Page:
Medical genetics

Scientists have harnessed powerful data analysis tools and three dimensional studies of genomic geography to implicate new risk genes for osteoporosis, the chronic bone weakening condition that affects millions of people. Knowing the causative genes may later open the door to more effective treatments. “Identifying a disease’s actual underlying cause often helps to steer us toward correct, targeted treatments,” said study leader Struan F.A. Grant, PhD, a director of the Center for Spatial and Functional Genomics at Children’s Hospital of Philadelphia (CHOP).

Research methods

“We have identified two novel genes that affect bone-forming cells relevant to fractures and osteoporosis. Furthermore, the research methods we used could be applied more broadly to other diseases with a genetic component.” Grant and colleagues published their research March 19, 2018 in Nature Communications.

He co-led the study with Andrew D. Wells, PhD, an immunology researcher at CHOP and the other director of the CSFG; and Kurt D. Hankenson, DVM, PhD, an expert in bone formation and remodeling at the University of Michigan. Genetics researcher Alessandra Chesi, PhD, also from CHOP, was the first author, along with three additional joint first authors. Grant and Wells also are faculty members in the Perelman School of Medicine at the University of Pennsylvania.

Association studies

The study team investigate genetic loci, or DNA regions, previously establish to be associate with bone mineral density in genome-wide association studies (GWAS), both in adults and children. “Scientists have known for some time now that the nearest gene to a variant associate with a disease is not necessarily the cause of the disease,” says Wells.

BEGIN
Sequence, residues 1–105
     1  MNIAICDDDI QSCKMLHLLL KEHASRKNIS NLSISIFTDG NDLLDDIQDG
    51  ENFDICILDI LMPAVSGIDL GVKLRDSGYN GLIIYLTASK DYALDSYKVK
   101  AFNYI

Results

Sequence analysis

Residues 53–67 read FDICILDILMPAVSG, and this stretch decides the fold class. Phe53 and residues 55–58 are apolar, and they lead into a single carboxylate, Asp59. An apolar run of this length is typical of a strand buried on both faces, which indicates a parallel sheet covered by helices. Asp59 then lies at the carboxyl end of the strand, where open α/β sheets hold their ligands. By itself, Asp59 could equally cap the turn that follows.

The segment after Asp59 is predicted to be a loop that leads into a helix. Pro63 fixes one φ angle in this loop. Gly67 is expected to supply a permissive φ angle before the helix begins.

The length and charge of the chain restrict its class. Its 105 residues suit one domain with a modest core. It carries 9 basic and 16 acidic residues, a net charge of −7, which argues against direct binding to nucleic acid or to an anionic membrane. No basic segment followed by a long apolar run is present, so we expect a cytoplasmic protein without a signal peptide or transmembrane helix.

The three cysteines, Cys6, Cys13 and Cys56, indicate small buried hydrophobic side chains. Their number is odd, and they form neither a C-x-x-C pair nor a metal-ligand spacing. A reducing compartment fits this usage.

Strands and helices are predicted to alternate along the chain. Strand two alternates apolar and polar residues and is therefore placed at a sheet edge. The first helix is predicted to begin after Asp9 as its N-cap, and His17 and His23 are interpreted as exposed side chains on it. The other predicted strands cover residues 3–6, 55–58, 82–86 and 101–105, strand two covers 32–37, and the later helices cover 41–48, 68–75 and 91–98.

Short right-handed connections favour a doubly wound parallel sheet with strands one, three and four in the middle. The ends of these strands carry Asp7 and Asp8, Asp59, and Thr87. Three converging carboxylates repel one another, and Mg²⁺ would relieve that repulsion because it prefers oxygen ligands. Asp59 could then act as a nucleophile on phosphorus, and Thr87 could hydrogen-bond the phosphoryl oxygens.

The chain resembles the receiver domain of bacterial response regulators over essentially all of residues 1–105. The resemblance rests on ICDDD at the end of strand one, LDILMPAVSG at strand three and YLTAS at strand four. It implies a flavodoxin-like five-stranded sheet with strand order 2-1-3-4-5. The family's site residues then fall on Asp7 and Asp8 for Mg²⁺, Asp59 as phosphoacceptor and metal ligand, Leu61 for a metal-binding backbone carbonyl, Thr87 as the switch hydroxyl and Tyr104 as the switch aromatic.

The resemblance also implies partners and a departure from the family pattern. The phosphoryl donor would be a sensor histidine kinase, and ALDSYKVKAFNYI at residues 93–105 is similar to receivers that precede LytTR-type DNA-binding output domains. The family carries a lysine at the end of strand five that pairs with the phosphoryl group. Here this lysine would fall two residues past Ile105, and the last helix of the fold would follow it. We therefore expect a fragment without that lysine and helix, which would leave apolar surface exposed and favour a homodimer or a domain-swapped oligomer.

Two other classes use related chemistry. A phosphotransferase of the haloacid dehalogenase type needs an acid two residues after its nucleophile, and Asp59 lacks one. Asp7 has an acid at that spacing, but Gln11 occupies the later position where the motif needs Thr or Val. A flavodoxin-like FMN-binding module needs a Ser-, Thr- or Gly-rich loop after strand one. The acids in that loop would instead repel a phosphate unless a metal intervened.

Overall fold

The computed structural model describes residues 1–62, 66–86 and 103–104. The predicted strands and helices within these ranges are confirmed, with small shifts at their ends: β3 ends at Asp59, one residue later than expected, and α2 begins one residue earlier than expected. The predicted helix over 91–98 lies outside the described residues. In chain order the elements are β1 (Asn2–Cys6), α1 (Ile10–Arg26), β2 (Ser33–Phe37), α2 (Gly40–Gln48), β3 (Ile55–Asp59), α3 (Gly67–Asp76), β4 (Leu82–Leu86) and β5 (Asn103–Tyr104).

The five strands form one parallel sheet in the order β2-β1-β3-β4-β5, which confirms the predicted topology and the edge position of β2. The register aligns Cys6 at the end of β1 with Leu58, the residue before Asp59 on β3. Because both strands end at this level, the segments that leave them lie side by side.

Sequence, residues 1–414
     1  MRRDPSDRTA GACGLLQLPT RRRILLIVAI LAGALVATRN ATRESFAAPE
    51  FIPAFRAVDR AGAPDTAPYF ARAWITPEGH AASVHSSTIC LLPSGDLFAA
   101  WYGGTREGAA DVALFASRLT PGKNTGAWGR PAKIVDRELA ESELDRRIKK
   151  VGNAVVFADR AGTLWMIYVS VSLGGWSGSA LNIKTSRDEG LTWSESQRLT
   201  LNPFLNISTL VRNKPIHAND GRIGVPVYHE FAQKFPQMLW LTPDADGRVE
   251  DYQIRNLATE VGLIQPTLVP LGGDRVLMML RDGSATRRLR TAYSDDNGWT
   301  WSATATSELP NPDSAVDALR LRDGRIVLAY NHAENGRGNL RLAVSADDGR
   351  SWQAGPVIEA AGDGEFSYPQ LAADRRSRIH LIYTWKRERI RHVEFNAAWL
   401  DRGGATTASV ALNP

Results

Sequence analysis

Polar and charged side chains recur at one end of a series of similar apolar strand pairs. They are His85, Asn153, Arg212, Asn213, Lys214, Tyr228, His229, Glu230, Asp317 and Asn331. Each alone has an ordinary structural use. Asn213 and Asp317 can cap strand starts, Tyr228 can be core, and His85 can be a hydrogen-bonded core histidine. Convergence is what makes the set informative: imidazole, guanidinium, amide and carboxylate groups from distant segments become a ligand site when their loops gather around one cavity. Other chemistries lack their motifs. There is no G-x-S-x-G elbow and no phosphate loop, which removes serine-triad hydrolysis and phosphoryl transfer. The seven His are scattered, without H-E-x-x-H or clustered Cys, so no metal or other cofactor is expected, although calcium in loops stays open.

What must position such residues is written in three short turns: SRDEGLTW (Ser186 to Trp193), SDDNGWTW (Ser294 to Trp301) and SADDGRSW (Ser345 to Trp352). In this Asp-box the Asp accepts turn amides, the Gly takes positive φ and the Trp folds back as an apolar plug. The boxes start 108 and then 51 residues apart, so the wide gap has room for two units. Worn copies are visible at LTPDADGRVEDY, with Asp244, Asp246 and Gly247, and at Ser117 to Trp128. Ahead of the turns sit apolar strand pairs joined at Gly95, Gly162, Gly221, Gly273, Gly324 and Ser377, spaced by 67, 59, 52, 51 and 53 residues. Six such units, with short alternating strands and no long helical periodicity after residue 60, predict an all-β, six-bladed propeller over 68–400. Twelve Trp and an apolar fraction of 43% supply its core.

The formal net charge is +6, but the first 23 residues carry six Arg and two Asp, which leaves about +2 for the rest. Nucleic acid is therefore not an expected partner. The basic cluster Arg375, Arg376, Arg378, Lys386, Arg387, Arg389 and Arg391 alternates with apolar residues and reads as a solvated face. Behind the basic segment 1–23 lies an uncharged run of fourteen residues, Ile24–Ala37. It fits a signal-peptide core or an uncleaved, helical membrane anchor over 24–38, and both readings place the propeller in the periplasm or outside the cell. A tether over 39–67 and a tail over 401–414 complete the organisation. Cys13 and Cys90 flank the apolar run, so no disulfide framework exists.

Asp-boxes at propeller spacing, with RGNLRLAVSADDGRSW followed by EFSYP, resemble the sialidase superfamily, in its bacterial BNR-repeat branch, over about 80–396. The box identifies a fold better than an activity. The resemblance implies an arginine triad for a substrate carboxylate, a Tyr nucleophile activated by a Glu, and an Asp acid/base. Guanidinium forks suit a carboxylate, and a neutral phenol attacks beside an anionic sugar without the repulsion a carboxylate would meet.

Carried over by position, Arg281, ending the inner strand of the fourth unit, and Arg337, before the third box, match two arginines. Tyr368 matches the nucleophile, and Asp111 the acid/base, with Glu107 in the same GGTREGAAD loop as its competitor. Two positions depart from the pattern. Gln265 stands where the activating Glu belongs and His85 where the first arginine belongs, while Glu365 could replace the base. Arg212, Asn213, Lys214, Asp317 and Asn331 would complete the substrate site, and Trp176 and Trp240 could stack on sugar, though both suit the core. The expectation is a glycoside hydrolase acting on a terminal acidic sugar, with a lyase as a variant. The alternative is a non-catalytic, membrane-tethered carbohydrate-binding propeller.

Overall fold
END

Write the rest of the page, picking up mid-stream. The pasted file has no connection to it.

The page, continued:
Because GWAS research detects single-base changes in DNA that are usually not located in obvious parts of the genome; much research has turned to the broader context of interactions within the genome- the entire complement of DNA within cells. Sometimes the changes; called single-nucleotide polymorphisms, or SNPs, found in GWAS are located close to a culprit gene.

DNA sequence.

More often the signal comes from a non-coding region of the DNA that regulates another gene that may be thousands of bases away on the DNA sequence. “The geography of the genome is not linear;” said Grant. “Because DNA is fold into chromosomes, parts of the genome may come into physical contact; enabling key biological interactions that affect how a gene is expressed.
That’s why we study the three-dimensional structure of the genome.Because “In analyzing how chromatin; the fibers that make up chromosomes, is arrange into specific shapes; spatial genomics offers insight into how genes physically interact with the regulatory regions in DNA that initiate transcription. Therefore Transcription is the process in which DNA is copy into RNA; the first event in gene expression.